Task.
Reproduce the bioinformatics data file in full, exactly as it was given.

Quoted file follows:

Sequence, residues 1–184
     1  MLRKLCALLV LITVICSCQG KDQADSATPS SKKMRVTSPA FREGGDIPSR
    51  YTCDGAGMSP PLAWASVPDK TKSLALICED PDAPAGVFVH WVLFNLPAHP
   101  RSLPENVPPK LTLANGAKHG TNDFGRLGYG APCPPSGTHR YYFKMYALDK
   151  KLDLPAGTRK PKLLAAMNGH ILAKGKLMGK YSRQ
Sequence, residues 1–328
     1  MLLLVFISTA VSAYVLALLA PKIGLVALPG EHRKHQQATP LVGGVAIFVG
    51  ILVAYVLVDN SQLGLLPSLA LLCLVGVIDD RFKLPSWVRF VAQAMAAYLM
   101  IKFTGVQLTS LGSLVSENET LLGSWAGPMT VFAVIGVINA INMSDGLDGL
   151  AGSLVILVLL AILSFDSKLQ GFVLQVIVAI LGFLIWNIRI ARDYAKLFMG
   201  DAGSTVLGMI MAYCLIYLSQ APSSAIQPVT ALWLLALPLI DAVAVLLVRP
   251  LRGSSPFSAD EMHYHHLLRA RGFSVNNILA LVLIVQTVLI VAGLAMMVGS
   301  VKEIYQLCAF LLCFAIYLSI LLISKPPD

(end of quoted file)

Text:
Sequence, residues 1–184
     1  MLRKLCALLV LITVICSCQG KDQADSATPS SKKMRVTSPA FREGGDIPSR
    51  YTCDGAGMSP PLAWASVPDK TKSLALICED PDAPAGVFVH WVLFNLPAHP
   101  RSLPENVPPK LTLANGAKHG TNDFGRLGYG APCPPSGTHR YYFKMYALDK
   151  KLDLPAGTRK PKLLAAMNGH ILAKGKLMGK YSRQ
Sequence, residues 1–328
     1  MLLLVFISTA VSAYVLALLA PKIGLVALPG EHRKHQQATP LVGGVAIFVG
    51  ILVAYVLVDN SQLGLLPSLA LLCLVGVIDD RFKLPSWVRF VAQAMAAYLM
   101  IKFTGVQLTS LGSLVSENET LLGSWAGPMT VFAVIGVINA INMSDGLDGL
   151  AGSLVILVLL AILSFDSKLQ GFVLQVIVAI LGFLIWNIRI ARDYAKLFMG
   201  DAGSTVLGMI MAYCLIYLSQ APSSAIQPVT ALWLLALPLI DAVAVLLVRP
   251  LRGSSPFSAD EMHYHHLLRA RGFSVNNILA LVLIVQTVLI VAGLAMMVGS
   301  VKEIYQLCAF LLCFAIYLSI LLISKPPD